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Field Guide Vicksburg: Gibraltar of the Confederacy

By Chris Howland 
Originally published by Civil War Times magazine. Published Online: May 30, 2008 
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This is the view the 26th Louisiana "enjoyed" of the Union 3rd Brigade's position during the siege (above, left). A stone re-creation of the tunnel Brigadier General John Thayer's Iowans built under the road for protection is visible at the bottom right of the slope (above, middle).

The Missouri State Memorial (above, right) on Confederate Avenue is unique in that the troops who fought on both sides during the Vicksburg Campaign (27 Union units, 15 Confederate) are honored on the same monument. It is located where two Missouri regiments clashed with each other at one point in the campaign.

There might not be a more dramatic monument on any NPS battlefield than the one honoring beloved Confederate Brigadier General Lloyd Tilghman at Vicksburg (above, left). Tilghman was killed by a Union cannonball at Champion Hill on May 16, 1863, so the monument's sculptor carved a tear (above, middle) in the general's torso to depict the moment (conveniently overlooking the reality that Tilghman was all but sliced in two by that cannonball).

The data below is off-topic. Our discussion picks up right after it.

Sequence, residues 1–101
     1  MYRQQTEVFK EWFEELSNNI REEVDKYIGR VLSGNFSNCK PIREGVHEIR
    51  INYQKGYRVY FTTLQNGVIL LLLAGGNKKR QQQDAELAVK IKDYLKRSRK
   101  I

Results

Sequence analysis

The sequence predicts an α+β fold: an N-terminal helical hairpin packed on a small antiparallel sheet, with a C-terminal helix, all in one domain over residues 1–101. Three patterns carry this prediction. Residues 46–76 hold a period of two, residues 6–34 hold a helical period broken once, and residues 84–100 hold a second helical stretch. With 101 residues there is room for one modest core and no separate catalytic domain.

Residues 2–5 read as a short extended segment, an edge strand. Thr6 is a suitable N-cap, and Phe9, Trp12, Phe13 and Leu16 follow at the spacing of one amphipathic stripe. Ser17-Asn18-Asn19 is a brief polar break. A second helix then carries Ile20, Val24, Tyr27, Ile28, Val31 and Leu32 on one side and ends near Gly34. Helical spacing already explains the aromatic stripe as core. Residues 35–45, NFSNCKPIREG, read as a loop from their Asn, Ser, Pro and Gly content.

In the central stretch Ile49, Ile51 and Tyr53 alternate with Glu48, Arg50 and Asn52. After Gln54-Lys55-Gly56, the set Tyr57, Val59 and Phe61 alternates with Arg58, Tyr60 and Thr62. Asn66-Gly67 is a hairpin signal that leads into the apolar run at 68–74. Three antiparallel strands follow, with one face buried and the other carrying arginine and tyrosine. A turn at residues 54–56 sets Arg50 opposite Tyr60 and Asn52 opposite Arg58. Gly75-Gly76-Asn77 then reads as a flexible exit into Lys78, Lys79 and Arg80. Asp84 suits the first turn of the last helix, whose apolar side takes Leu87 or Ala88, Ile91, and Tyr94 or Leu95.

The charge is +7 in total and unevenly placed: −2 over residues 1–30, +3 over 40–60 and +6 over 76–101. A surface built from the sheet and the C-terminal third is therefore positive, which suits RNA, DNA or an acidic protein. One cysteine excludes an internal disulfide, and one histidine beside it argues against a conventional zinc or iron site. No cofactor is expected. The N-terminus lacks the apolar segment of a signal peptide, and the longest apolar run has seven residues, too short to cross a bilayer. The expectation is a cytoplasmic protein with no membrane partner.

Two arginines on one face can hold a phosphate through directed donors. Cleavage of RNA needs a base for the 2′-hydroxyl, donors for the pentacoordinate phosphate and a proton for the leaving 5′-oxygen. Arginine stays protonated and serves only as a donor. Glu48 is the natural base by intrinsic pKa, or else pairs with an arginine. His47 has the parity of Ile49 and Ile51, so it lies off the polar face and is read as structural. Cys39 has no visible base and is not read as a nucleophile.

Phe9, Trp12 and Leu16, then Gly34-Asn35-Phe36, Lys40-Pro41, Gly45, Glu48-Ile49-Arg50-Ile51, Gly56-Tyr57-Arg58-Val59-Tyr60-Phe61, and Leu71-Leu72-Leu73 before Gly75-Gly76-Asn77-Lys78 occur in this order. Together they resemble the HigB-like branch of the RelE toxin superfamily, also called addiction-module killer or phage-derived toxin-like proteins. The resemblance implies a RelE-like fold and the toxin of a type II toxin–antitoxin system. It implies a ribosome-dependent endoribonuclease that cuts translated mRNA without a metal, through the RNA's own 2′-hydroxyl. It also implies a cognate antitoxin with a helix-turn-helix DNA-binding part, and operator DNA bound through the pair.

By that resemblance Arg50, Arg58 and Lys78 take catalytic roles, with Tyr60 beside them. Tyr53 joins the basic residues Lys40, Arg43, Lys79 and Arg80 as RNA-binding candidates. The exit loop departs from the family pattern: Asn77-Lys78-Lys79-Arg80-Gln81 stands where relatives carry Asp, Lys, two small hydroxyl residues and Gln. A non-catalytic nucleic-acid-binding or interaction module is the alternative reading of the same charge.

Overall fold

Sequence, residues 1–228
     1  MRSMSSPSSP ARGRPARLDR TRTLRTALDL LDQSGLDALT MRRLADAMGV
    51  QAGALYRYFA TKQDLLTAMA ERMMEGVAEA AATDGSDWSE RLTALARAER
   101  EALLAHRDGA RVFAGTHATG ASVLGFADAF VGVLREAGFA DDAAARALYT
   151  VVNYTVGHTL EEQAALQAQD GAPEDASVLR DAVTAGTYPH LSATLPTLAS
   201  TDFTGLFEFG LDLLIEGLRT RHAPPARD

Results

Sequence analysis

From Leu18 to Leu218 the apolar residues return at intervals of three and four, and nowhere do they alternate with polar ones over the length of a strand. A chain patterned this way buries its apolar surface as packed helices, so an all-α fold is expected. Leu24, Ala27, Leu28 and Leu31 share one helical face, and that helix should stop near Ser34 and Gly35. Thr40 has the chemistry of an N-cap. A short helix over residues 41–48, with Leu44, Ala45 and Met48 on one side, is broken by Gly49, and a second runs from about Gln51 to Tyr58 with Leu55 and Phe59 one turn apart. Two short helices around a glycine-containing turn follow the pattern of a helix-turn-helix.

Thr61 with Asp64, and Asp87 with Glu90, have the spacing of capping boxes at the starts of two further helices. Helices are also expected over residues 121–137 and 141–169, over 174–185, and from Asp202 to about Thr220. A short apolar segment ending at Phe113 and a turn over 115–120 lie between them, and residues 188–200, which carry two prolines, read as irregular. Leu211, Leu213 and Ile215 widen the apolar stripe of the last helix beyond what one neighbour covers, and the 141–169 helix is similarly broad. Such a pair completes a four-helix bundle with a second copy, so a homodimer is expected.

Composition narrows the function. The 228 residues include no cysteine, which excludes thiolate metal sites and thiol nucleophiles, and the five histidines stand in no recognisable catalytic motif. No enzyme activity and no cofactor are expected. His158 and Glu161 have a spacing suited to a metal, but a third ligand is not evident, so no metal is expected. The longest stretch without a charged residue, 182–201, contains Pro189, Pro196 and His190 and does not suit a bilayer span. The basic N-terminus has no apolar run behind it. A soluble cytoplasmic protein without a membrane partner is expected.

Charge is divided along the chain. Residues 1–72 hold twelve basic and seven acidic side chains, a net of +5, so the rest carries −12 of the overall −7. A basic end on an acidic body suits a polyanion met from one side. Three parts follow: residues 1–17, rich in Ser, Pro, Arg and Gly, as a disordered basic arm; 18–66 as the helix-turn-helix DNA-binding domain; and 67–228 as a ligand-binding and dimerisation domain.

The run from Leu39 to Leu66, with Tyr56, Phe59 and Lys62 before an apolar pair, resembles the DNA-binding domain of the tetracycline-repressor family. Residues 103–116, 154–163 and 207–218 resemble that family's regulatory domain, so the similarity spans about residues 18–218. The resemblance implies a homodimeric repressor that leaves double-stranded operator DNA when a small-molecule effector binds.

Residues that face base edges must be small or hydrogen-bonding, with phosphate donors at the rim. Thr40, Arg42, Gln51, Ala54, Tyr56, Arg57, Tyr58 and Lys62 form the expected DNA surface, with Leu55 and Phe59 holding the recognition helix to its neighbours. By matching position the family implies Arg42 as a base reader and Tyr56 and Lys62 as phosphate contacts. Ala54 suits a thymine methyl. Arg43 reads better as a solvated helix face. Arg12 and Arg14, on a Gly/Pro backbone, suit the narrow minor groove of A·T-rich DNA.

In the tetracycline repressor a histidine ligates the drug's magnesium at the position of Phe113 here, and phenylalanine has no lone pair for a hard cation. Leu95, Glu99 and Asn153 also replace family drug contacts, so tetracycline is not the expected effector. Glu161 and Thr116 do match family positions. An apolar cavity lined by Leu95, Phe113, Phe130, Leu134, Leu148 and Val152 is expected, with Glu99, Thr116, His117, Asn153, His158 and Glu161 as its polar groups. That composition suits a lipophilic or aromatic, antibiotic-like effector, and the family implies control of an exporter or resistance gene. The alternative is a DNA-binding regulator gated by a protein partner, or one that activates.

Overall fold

The Confederates built the so-called Railroad Redoubt (above, right), to protect the approaches to the important Southern Railroad of Mississippi. In the morning of May 22, Union troops briefly captured the position before being forced out by Colonel Thomas N. Waul's Texas Legion.


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3 Responses to “Field Guide Vicksburg: Gibraltar of the Confederacy”


  1. 1
    Dennis says:

    My GR GR Grandfather was with the 76th IL Infantry and at the 47 day siege. I have in my posession a piece of the original "stunted oak" that Generals Grant and Pemberton met under. It is a great piece of American history.

  2. 2
    Chris Howland says:

    Dennis,

    Could you please contact me at chris.howland@weiderhistorygroup.com. I'd love to talk you about that "stunted oak" piece. Thanks.

  3. 3
    Berdell Hardy says:

    The collapse on both fronts hastened the inevitable, i.e., the fall of the South. Unfortunately, fighting continued for almost two more years.. more death and distruction.



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